‘Gaza Zoo’ communicates its message

Artist and author Laray Polk, whose work is currently on display in the Visual Arts building, has finally received the last element that she says makes her art complete-people.

On Aug. 27, she watched and talked to students, faculty and staff as they walked past laminated pictures, hanging on the gallery walls.

Wearing a jasmine lei, Polk greeted gallery visitors with bright eyes and a contagious smile.

“Tonight has been wonderful,” Polk said. “The show is meeting with a very good response.”

Polk’s exhibition includes 150 digital prints, which form the pages of Polk’s book, “Gaza Zoo.”

But her work has not always been so well received.

In 1995, a painting of two larger-than-life male nudes or as she called it “social harmony and peace,” sparked controversy.

Polk said it influenced the creation of her book, “Gaza Zoo” published five years later.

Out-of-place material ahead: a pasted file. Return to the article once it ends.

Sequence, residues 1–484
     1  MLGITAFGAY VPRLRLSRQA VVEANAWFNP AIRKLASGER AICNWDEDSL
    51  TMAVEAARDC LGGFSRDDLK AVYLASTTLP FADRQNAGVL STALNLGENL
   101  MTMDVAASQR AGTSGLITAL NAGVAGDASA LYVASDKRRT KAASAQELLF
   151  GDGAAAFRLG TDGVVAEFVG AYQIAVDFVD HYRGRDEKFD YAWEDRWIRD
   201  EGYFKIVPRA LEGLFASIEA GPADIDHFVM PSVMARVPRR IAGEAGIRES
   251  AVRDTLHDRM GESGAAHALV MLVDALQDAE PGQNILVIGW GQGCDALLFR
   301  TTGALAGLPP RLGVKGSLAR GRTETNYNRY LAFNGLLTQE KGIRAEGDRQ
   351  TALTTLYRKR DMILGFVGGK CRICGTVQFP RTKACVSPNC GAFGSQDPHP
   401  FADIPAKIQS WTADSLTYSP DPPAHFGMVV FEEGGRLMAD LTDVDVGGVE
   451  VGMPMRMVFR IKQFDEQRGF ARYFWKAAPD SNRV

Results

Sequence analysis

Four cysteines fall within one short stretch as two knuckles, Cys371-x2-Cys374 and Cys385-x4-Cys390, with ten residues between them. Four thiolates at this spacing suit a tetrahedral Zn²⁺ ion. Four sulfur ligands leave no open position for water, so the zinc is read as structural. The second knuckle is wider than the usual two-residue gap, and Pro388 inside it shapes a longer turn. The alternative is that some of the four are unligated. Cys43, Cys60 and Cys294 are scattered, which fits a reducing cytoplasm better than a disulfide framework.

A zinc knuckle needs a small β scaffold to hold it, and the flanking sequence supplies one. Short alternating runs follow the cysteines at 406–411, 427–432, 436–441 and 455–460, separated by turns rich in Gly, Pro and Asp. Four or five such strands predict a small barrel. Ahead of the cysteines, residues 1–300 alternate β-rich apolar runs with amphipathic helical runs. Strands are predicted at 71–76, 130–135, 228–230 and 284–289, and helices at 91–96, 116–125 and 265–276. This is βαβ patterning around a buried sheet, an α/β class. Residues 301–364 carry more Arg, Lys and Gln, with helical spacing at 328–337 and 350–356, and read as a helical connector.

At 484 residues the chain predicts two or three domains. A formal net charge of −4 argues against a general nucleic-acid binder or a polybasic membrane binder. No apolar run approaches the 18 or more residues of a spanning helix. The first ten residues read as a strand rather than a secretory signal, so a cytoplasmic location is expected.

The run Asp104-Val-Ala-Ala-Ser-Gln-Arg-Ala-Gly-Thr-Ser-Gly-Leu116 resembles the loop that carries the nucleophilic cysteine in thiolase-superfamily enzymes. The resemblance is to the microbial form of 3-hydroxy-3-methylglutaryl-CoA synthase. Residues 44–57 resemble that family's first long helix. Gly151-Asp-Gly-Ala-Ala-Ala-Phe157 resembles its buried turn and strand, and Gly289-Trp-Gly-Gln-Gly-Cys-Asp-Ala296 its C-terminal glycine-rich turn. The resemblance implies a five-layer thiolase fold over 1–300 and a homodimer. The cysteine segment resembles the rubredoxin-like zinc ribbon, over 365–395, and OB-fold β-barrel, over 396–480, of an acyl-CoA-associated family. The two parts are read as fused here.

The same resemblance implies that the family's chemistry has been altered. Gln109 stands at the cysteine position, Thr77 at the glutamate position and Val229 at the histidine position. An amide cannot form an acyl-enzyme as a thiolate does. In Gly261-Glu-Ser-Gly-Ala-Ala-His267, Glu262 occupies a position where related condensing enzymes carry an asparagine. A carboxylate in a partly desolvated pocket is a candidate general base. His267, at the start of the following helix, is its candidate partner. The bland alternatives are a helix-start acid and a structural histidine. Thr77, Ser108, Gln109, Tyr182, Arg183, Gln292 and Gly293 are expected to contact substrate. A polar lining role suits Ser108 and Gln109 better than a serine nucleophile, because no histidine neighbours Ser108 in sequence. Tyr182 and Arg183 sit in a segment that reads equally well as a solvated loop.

“I really enjoy her work, especially the use of text with the pictures,” said Whitney Breaux, biochemistry freshman. “I’m not an artist, and it really helps me understand what the pictures are saying.”

Greg Metz, gallery director for the main gallery and curator for “Gaza Zoo,” worked with Polk to develop the exhibit. Metz said he was not aware of another artist who displayed the entire contents of a book as an art installation.

“It’s definitely a first for UTD,” Metz said He looked around at Polk’s work with a broad smile on his face. “Displaying this way is really kind of a novel idea. You’re witnessing history.”

Polk has described her work as metaphorical. She tells viewers not to concentrate on the message, but to concentrate on the way the message is being delivered.

Her book also contains a “dialogue,” with the works of Marshall McLuhan, namely “Project for the New American Century” and “War and Peace and the New Global Village.” Other influences include B.F. Skinner and Noam Chomsky.

“‘Gaza Zoo,’ among other things, is a multi-layered process based on the politics of domination inherent in a phonetic alphabet, and by extension, other forms of Western communication and acculturation,” Polk said.

“Gaza Zoo” is open until Sept. 25. For more information, call 972-UTD-ARTS or visit <a href=”http://ah.utdallas.edu/”>ah.utdallas.edu</a>.

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